Also, you might recall the day we were having outdoor services during the pandemic shutdowns. A gentleman came and as I was giving him a chair to sit on, thinking he came to worship with us, he told me he was a prophet. He then quickly told me that the reason we were out there was because we were “obeying man and not God.” He left shortly after he said that.
Worship, what is worship? Is it something that happens when people get together in churches? Is it the singing a particular genre of songs or the combination of singing hymns, offering prayer, and reading scriptures that constitute worship? Jeremiah’s audience was entering the temple courts to do just that. We are doing that right now. Or are there certain ways to do these activities that actually constitutes true or false worship?
The testimony we have in the Bible is that people were moved to worship when God manifested himself to them. For instance, when Yahweh appeared and spoke to Moses, he was suddenly overtaken by an overwhelming sense of God’s presence, his mercy and holiness (Exodus 34:6-8). Moses threw himself to the ground and worshipped God.
In the case of Abraham, Isaac and Jacob, they all built altars to worship the Lord when he appeared to them. Worship happens when God and his people meet. And the immediate response is either fear, trembling, desire to flee, an overwhelming sense of sinfulness, and a cry for mercy or total surrender to the will of God. John of Patmos was knocked out when the Rise Christ appeared to him. It is the manifestation of God that prompts worship.
When we are awakened in our spirit to the presence of God, we become undone. That is because when we worship God our self-centered life enters a crisis in light of God’s self-giving love in Christ. The true motives of the heart, our dreams and pursuits in life are judged in light of God’s will for human life. Therefore, worship empowers us to love, even sacrificially. In worship, God commissions us to practice mercy, justice, and holiness. And that was precisely what the Judean people were failing to do. They were offering something they learned and practiced out of custom and repetitiveness. Their worship was only the dead shell of something that once was full of life.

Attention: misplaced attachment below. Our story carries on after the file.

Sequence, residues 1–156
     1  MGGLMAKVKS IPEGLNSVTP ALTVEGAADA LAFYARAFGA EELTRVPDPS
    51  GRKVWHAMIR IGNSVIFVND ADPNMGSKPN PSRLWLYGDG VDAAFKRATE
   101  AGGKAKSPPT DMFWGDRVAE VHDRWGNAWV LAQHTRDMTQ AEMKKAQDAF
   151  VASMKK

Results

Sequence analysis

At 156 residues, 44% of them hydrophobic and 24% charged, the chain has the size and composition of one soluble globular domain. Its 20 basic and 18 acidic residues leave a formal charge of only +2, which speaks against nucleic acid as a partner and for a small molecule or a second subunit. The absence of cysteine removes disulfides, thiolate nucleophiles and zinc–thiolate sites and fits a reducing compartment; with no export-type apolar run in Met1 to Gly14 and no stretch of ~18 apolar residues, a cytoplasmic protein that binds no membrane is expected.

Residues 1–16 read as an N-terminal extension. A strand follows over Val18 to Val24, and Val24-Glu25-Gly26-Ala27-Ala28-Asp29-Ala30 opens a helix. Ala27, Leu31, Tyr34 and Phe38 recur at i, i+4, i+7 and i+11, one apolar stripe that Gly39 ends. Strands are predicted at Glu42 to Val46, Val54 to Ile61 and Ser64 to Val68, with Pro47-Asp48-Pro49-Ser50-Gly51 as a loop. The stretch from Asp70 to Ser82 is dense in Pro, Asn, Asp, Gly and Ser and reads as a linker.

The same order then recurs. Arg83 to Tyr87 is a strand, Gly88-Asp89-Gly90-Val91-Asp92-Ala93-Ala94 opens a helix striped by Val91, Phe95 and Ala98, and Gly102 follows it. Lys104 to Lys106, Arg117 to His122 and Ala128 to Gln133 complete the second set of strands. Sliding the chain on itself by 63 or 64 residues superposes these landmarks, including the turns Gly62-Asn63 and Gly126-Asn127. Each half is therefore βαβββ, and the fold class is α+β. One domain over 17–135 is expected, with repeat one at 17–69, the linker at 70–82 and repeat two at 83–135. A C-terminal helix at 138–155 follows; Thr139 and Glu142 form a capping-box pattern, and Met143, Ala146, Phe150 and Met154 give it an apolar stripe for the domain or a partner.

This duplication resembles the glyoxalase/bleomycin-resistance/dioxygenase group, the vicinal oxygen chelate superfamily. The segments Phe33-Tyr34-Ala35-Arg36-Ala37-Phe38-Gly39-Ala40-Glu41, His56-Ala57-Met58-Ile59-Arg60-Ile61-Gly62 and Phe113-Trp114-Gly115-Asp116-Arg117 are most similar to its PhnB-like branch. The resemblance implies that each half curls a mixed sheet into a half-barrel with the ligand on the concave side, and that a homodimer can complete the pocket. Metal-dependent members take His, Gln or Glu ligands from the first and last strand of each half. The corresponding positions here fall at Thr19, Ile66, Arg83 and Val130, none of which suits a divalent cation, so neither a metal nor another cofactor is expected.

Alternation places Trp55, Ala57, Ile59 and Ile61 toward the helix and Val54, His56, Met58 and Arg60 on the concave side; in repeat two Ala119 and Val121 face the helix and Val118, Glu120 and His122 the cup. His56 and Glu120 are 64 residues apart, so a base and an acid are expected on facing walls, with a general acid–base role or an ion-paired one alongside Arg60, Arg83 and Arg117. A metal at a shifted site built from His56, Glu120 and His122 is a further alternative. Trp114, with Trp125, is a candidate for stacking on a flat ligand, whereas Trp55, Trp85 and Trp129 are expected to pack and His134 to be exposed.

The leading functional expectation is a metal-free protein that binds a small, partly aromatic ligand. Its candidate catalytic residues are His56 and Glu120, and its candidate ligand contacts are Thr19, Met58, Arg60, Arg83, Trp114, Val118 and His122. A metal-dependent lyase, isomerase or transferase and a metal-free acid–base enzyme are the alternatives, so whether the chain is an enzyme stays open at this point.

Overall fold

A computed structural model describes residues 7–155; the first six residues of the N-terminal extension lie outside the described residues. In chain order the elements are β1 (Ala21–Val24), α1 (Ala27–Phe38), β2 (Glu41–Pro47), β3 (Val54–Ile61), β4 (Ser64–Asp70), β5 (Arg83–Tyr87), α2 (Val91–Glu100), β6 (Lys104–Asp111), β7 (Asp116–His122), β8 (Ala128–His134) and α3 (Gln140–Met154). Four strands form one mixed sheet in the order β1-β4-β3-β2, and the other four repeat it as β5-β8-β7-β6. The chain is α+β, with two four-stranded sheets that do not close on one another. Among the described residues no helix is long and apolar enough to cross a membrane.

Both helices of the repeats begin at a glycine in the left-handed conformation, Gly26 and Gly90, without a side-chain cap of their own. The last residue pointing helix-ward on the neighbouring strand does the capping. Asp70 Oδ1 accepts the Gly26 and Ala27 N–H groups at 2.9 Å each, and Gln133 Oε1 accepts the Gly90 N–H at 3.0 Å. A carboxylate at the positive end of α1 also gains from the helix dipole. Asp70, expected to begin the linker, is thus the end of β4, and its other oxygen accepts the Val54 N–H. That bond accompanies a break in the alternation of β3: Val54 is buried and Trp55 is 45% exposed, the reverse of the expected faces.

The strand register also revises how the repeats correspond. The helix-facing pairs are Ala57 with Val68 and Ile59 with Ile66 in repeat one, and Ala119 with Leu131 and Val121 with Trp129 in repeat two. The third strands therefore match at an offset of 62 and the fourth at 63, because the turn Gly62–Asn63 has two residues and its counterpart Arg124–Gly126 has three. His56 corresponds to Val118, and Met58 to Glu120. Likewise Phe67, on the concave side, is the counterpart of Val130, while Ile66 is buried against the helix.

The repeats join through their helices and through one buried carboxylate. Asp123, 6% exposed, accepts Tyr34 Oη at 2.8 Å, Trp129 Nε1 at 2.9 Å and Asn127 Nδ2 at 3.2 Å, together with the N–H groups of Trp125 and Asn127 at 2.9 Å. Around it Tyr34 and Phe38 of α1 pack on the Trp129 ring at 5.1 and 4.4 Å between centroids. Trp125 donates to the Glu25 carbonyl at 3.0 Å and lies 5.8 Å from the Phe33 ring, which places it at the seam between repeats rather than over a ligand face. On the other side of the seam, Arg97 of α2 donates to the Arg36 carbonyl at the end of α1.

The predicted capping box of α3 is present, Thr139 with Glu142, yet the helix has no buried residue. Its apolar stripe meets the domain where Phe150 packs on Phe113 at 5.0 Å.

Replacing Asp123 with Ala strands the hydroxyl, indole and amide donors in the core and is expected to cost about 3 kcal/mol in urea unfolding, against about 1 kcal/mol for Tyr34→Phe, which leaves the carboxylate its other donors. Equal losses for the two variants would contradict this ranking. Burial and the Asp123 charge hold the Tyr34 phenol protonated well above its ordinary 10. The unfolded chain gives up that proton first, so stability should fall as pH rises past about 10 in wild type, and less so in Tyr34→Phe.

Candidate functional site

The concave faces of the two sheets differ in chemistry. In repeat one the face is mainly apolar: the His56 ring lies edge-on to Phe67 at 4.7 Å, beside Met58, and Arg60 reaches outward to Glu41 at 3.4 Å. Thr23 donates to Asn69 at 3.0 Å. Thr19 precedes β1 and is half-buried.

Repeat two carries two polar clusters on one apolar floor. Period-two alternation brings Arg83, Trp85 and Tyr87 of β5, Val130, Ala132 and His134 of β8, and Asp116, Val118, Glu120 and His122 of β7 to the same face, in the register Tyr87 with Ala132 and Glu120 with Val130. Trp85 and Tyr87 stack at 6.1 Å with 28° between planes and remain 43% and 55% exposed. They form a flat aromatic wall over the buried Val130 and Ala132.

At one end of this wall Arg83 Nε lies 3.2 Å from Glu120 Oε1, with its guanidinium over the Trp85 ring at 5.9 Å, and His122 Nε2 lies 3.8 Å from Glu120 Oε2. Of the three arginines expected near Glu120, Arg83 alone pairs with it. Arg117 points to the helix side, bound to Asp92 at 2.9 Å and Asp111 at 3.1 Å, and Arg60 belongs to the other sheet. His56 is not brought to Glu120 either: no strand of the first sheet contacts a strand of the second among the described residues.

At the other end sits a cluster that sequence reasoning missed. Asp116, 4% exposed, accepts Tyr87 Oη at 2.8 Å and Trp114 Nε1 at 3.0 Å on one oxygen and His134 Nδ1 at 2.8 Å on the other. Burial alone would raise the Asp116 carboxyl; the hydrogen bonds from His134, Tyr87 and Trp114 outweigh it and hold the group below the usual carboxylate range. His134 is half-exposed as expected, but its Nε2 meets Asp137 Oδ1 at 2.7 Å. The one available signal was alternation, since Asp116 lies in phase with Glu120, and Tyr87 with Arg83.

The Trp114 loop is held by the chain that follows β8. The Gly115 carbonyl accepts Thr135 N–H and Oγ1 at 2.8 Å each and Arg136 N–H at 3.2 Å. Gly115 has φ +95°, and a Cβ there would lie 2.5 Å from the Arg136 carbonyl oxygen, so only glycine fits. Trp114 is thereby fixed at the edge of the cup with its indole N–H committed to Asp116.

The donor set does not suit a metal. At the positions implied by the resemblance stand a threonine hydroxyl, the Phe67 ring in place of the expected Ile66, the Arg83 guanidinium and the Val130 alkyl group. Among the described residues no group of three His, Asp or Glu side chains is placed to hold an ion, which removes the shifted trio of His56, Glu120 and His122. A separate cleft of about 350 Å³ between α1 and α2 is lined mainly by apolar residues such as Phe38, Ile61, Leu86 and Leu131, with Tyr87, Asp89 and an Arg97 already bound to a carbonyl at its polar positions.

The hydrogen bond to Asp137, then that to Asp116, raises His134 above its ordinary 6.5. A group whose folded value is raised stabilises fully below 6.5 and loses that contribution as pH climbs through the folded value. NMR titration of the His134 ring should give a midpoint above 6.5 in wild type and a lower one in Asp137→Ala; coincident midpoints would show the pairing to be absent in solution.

When we worship God, we declare that everything else, even our very lives, is dependent on God. In worship we declare God, to be Lord, Master, and Eternal. We are not masters of our lives. In worship our mind and heart are re-oriented and re-centered, thus we reject all the forces that want to claim possession over us, including self. In worship we declare the Triune God to be our Creator and that we belong only to Him. Worship heightens the awareness of our finitude and of God’s holiness and eternity. This heightened awareness of God’s holiness and eternity not only moves us to give him glory and praise, but it also helps us to put in perspective the pursuits we have in life. Therefore, in worship our values and priorities are transformed. In worship, our eyes are opened to see in the face of every person the image and likeness of God; we see a neighbor and the very objects of God’s love as revealed in Christ.
I pray that no one of us leaves here just the way we came. I pray the Holy Spirit may reveal to each of us, even if only glimpses, of God’s holiness and will within our individual circumstances. I pray that as we leave this place, we go empowered to embody God’s mercy by reaching out to someone in need. This week, you might be given the opportunity to give a word of comfort to someone. This week, the Lord might put in the position to help someone in need. This week, someone might be waiting to hear from you. Just follow the Spirit’s prompting.
I pray that we would go out, ready to stand for justice and love in the name of Christ. That would indeed give clear evidence the Lord is with us here and that he is pleased with our worship. Amen!